Allies and Morrison’s 39-storey Old Kent Road tower set for OK
Farrell's 10 and 19 storeys scheme on the site of a Carpetright is also slated for planning permission.
Allies and Morrison is set to become the latest architect to bag planning permission for a tower in the Old Kent Road, south London.
Practices including Farrells, Pilbrow & Partners, Maccreanor Lavington and Brisac Gonzalez have already received consent for major schemes which will bring high-rise housing blocks to the ancient Roman road.
Now Allies and Morrison is slated to win consent next week for the demolition of a petrol filling station and HSS Hire store and their replacement with 264 flats and retail space at ground level.
Plans for the tower are contained in a larger hybrid application covering the Devonshire Square scheme for developer Barkwest. The application also asks for outline permission for a further four buildings providing 301 homes alongside shops, restaurants, offices and leisure space.
Planning officers at Southwark Council have recommended the hybrid application be approved at a meeting of councillors on Monday (1 June).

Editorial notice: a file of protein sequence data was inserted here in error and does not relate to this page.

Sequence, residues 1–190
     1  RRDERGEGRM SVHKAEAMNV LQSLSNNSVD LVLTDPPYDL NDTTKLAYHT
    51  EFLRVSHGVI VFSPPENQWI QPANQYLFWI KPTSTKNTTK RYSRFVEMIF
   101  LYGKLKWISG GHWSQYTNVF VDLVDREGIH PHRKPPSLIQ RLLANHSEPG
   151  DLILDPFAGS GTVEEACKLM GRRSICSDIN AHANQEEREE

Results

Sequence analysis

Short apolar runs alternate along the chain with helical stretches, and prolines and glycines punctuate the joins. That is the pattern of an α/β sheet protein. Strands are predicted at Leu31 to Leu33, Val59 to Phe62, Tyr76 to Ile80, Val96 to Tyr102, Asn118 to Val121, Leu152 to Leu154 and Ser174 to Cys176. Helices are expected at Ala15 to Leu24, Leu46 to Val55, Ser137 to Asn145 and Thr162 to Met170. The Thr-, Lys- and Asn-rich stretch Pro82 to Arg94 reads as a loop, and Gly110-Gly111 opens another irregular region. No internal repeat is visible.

The scheme would deliver 41 per cent affordable housing by habitable room - 29 per cent social rent tenure and 12 per cent intermediate tenure. However, the 39-storey tower will contain no affordable housing.
Councillors at Southwark's planning committee have also been asked by officers to approve detailed plans by Farrells for two buildings standing at 10 and 19 storeys.
The buildings, for developer Avanton, will provide 262 flats as well as space for shops and offices on a site currently occupied by a Carpetright outlet.
The regeneration of the Old Kent Road has been partially driven by Transport for London's plans to extend the London Underground's Bakerloo Line from Elephant & Castle to Lewisham.
However, according to The Sunday Times, the project could be in jeopardy, as a government bail-out needed to keep Transport for London running may come with conditions preventing major investment in new infrastructure.
Source: Architects Journal
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